NextFlex’s Technology Hub Complies With FDA and ITAR Standards for Manufacturing of Medical Devices
During a recent FlexFactor event hosted by a local advanced manufacturing company, a high school student in the visiting class asked, “What do I need to learn to work here one day?” A company executive answered, “If you go to a local community or technical college, learn about electrical, mechanical, or materials engineering, I’ll hire you for $50,000 a year the day you graduate…. and I need to hire about 40 people like that next year.” The following week, we took the class to a local college. Nearly all the students signed up. In two or three years, these students may graduate high school and community college at the same time and will be ready for that job. None will have any college debt. After a few years of experience, many will continue to fulfill operations, engineering, sales, marketing, finance, HR, or other professional roles — and they will all have a foundation in what makes the advance manufacturing sector tick and they will all have jobs that matter.
– Brynt Parmeter, Strategic Advisor, NextFlex
This example highlights what is so special about FlexFactor and explains why it is expanding so quickly across the United States. Young people are starved for experiences that help them see their future. Once they’re given a glimpse of what that might look like, they want to understand what they need to do to make that future come true. Then they simply need the confidence and belief in themselves to make the journey.
This is what the FlexFactor experience gives them.
FlexFactor challenges students to work in teams to identify a real-world problem, conceptualize an advanced hardware solution, and build a business model around it. At the end of the program, students pitch their ideas to a professional panel.
Through direct industry engagement with future-focused companies and high-performance workplaces, FlexFactor brings real-world experiences to students, allowing them to see how advanced materials and electronic devices combine to create innovative solutions for a diverse range of problems. In addition, students engage with the education pathways at local colleges and universities that will help them gain the knowledge and skills needed in order to join the workforce of the future.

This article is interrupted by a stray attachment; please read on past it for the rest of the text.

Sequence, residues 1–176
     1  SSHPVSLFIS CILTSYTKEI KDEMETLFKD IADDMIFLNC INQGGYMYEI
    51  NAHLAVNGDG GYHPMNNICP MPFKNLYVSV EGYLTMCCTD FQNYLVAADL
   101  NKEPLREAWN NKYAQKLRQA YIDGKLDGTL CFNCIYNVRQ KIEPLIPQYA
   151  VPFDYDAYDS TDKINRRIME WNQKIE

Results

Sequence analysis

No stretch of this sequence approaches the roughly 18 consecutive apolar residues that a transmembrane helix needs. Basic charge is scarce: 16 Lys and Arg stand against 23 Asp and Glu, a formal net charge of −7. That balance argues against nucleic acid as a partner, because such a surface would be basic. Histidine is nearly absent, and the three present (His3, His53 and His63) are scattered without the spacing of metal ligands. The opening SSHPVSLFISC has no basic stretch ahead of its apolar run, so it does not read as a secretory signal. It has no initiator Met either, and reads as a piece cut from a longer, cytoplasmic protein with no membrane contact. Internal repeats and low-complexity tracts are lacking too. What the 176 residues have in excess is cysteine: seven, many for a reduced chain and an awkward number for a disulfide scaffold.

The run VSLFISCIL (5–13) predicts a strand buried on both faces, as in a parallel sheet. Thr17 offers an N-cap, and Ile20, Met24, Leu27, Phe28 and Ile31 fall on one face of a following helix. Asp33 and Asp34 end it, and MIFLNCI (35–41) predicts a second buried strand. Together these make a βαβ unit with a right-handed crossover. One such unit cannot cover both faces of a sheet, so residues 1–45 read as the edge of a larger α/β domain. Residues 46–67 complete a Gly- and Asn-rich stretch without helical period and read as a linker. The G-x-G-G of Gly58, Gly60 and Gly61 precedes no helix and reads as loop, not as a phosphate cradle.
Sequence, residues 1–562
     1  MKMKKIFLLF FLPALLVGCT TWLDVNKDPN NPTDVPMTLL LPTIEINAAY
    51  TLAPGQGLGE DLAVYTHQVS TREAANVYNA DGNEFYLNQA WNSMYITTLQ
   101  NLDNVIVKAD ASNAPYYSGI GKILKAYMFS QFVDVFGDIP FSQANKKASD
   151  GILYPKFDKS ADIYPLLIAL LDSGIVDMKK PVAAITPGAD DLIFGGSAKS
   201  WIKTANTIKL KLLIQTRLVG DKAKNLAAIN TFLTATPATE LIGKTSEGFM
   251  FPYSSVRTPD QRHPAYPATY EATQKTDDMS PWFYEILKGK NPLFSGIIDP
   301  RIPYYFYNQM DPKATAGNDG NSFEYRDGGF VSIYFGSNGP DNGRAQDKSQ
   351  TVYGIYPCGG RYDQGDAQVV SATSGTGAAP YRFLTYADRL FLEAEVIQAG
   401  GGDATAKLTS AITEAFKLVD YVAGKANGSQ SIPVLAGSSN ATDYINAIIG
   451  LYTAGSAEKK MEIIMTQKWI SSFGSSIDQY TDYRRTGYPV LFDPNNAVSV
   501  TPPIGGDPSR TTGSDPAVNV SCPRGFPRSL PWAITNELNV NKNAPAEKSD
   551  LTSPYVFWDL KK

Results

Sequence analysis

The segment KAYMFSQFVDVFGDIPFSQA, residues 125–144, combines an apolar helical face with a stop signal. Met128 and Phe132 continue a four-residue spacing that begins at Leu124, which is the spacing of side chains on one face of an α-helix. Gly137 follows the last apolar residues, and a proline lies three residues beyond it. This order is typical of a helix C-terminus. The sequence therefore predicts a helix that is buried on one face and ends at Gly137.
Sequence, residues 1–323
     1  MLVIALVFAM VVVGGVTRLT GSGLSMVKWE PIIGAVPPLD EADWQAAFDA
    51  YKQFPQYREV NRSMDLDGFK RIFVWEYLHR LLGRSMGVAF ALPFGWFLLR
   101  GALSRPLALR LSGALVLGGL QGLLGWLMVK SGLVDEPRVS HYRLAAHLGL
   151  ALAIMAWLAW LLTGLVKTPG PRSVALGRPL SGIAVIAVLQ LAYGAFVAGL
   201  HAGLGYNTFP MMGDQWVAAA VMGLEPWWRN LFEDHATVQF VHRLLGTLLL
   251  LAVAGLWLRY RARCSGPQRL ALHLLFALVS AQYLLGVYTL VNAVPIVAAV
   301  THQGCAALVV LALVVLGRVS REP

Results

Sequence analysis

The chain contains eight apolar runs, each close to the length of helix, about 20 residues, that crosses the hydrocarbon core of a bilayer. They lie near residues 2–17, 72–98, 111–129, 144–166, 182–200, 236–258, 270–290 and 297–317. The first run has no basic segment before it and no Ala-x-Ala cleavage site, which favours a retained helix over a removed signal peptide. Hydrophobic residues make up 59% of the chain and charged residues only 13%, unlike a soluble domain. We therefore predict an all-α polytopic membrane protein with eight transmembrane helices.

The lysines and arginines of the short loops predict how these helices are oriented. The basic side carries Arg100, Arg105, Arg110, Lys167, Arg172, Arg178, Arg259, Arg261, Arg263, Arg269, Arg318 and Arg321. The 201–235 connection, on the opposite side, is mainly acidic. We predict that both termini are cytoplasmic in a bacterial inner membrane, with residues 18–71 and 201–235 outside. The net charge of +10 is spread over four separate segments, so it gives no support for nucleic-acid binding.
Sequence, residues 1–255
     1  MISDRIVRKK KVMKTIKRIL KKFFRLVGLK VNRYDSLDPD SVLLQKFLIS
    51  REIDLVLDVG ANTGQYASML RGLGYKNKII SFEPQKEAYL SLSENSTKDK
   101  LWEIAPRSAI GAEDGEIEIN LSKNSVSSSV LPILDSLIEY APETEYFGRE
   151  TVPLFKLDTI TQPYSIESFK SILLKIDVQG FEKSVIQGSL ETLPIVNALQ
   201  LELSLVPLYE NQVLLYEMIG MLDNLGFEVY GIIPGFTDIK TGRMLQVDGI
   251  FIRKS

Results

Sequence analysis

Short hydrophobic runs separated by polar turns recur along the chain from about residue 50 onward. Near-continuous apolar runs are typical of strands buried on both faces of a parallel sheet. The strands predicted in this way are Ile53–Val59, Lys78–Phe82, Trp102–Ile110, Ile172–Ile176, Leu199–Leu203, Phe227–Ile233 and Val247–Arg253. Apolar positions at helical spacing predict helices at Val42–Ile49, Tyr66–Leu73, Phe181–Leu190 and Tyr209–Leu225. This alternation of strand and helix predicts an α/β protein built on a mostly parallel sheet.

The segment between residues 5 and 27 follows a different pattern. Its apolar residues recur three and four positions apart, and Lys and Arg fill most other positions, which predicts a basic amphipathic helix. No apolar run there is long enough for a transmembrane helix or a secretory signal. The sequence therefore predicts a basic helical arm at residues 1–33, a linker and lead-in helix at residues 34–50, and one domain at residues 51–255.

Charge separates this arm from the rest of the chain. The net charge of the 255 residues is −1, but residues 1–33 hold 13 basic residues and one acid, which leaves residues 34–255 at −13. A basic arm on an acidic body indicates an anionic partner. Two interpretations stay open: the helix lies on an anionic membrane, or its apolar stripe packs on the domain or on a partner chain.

The program’s agile framework allows it to embed in any classroom and in a way that’s very easy for the classroom teacher. It is applicable across a wide range of subject areas, including English, economics, fashion design, robotics, biology, engineering design, and many others, making any classroom a career technical education classroom.
The program is structured in a way that is appealing and fun, using a student-led learning approach that allows participants to address real-world problems that hold meaning for them, everything from cancer treatment and infant mortality to waste management and athletic performance.
The conceptualized hardware solutions developed by students feature an array of revolutionary technologies including advanced functional fabrics, Internet of Things devices, cloud technology, augmented reality, Flexible Hybrid Electronics, and more.
What started as a pilot program in San Jose with eight students in the fall of 2016 has expanded throughout Silicon Valley and has engaged over 3,000 students.
In 2018, Lorain County Community College became the first national adopter of the FlexFactor program in Elyria, OH. Since then, the program has expanded to 7 ecosystems across the country in partnership with Boeing, and an additional 13 with the support of the Department of Defense.
It takes less than a semester to license and launch FlexFactor in new geographic areas with the NextFlex staff assisting and mentoring the adopting groups – companies, colleges, and schools – every step along the way.